GPS Instruments and Devices Information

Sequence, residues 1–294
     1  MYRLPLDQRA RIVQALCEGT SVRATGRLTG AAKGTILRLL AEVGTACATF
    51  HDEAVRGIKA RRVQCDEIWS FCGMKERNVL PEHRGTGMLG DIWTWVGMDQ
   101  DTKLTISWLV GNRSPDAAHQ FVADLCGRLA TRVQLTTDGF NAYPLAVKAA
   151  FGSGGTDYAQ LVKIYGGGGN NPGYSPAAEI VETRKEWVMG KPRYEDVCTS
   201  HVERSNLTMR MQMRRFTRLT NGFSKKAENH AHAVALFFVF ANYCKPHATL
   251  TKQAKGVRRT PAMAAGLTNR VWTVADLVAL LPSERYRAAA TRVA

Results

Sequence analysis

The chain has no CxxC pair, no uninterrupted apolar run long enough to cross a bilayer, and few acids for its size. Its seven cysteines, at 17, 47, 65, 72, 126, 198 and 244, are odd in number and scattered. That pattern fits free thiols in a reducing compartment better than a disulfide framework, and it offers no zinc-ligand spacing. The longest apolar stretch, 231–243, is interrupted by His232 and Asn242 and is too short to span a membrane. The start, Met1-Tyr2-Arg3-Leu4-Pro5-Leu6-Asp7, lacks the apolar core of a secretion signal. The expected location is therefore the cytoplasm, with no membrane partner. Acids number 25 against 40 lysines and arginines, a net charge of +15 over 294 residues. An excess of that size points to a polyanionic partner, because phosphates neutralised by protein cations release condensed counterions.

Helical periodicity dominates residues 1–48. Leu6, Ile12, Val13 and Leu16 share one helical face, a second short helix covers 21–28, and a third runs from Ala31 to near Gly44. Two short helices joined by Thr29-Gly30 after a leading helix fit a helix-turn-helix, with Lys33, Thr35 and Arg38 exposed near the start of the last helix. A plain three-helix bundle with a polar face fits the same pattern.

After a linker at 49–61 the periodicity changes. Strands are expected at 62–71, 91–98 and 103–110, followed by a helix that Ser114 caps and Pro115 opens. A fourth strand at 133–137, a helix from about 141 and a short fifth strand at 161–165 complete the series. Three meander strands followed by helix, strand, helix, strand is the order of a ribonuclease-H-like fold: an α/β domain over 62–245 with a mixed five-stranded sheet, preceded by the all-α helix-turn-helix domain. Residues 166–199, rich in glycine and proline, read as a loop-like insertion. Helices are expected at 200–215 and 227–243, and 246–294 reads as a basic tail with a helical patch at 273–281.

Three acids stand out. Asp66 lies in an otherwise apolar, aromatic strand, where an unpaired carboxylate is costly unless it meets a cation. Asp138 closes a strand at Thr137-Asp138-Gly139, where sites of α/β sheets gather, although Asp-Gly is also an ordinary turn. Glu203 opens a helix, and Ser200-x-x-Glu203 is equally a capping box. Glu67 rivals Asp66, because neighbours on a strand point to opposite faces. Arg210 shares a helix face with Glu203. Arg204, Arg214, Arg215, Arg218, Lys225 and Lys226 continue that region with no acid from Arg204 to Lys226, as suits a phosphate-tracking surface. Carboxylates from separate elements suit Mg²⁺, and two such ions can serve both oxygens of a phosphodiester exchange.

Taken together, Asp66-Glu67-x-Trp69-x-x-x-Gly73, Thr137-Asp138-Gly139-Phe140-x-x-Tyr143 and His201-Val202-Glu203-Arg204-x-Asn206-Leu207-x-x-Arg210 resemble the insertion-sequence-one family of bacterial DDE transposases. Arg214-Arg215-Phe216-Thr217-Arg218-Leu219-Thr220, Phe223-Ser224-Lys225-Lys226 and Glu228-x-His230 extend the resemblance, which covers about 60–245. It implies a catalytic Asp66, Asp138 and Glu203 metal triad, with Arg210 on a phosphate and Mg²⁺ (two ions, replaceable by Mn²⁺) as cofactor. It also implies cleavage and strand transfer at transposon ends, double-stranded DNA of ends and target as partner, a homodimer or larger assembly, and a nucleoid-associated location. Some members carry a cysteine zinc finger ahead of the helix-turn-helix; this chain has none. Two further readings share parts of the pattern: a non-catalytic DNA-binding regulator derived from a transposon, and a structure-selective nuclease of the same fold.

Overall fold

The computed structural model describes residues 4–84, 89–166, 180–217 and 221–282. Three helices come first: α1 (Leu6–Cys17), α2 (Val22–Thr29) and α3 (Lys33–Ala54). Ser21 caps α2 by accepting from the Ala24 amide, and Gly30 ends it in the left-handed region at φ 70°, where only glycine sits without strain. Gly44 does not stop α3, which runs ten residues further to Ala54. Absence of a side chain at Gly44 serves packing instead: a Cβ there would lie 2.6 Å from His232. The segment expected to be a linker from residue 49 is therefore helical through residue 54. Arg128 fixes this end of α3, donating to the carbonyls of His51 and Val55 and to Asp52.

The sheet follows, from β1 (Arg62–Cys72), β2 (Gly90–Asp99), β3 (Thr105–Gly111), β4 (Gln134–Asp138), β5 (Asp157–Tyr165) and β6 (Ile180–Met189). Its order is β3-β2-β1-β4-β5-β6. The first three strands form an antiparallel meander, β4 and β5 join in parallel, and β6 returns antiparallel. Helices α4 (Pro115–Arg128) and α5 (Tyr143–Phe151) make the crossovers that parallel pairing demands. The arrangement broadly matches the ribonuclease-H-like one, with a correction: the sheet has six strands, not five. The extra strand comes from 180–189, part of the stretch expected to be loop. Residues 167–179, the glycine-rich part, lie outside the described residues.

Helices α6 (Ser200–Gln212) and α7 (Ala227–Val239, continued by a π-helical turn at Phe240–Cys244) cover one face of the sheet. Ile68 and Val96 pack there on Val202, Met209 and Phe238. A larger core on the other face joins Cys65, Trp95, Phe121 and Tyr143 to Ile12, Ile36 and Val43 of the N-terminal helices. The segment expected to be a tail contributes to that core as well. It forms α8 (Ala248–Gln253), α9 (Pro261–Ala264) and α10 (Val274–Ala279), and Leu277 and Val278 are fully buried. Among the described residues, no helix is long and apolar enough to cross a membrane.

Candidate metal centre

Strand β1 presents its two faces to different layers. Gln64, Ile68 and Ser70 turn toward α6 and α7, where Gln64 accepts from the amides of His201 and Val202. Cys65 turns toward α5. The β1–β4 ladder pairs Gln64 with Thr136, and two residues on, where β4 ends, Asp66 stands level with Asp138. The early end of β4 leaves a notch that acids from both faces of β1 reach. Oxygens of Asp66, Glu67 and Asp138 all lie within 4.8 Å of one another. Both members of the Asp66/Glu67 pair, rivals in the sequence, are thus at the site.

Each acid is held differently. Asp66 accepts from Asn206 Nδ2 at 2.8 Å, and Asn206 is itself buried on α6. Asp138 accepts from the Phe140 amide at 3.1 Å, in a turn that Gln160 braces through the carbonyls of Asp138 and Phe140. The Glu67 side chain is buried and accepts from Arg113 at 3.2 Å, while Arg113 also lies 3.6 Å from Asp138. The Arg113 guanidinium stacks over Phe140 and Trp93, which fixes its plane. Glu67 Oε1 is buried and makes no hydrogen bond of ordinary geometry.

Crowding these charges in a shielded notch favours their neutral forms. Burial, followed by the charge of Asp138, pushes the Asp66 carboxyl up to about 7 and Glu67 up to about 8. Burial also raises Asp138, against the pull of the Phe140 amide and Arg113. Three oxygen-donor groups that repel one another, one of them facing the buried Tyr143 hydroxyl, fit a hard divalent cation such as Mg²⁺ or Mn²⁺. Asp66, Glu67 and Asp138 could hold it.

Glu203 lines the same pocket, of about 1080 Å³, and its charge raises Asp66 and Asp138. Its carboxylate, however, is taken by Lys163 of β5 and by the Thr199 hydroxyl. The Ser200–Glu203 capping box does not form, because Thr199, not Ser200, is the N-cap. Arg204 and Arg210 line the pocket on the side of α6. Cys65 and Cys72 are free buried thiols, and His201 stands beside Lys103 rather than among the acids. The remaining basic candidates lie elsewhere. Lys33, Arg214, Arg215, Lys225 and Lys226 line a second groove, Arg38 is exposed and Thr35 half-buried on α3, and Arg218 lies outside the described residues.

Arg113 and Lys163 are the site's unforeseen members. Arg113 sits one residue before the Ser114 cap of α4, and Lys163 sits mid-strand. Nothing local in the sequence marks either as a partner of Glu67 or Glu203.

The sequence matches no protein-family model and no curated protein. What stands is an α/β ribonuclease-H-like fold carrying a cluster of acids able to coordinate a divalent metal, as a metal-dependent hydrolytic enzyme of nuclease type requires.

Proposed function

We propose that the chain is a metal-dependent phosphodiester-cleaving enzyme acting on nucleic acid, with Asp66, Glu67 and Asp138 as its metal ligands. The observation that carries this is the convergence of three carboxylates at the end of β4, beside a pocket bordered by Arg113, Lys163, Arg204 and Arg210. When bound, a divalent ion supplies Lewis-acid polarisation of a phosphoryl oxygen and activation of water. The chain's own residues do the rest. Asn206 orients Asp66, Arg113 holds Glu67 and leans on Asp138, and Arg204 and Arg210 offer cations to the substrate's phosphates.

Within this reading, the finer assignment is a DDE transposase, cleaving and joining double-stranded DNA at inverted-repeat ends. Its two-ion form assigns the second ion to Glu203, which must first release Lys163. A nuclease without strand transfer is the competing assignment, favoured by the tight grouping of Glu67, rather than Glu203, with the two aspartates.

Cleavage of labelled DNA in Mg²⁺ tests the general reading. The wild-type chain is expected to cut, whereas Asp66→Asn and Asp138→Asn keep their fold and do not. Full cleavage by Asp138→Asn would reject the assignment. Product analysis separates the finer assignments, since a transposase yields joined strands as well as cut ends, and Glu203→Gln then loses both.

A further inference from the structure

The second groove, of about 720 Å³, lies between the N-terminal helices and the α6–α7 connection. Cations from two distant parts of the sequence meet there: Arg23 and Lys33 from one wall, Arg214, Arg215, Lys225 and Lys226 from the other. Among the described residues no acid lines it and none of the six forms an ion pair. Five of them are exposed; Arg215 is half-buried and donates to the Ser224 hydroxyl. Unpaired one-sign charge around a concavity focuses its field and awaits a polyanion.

Global positioning system (GPS) instruments and GPS devices are radio-navigational devices that provide accurate position information about objects on Earth, based on information from orbiting satellites. Equipped with rubidium atomic clocks, 24 GPS satellites in high-orbital planes use coarse acquisition (C/A) codes to communicate with GPS ground stations. These Earth-based control segments monitor almanac and ephemeris signals from GPS satellites, and communicate the small corrections that become necessary when there are changes to either a satellite’s orbit or to Earth’s ionosphere. By using the information in the almanac and ephemeris signals, GPS receivers can determine the time required to transmit a signal. Because that time is proportional to the distance traveled, GPS instruments and devices can determine the arc on which the GPS receiver lies and, therefore, the intersection point and position. Selecting GPS instruments and GPS modules requires an analysis of parameters for product type, performance, power, and connection and communication. Product types include GPS receivers, GPS transmitters, GPS antennas, and GPS data loggers. Performance specifications for GPS receiver modules include the number of channels, frequency range, sensitivity, position accuracy, and time to first fix. There are two main sensitivity parameters: tracking and acquisition. There are four variables for time to first fix: obscuration recovery, hot start, warm start, and cold. In terms of power, GPS modules and devices carry product specifications such as input voltage, current draw, antenna supply, and antenna current monitor. SMA connectors are used with some GPS antennas. Double rows of low-profile socket pins are used for data-power. In terms of communication, some GPS instruments and devices come with integral GPS software and serial ports. GPS instruments and GPS modules differ in terms of features. For example, GPS antennas can be active or passive, have an antenna patch onboard, or come equipped with antenna status detection. Some GPS modules plug into motherboards, are designed for indoor use, and interpret GPS data. Others have low power consumption, a small footprint, and are designed to withstand varying levels of shock and vibration. Features such as data logging and dead reckoning are also available. With dead reckoning, GPS instruments and GPS modules use sensor signals to calculate the position of GPS antennas and GPS receivers when satellite signals are blocked. For greater positional accuracy, GPS products may support standards such as wide area augmentation service (WAAS) and the municipal state aid system (MSA).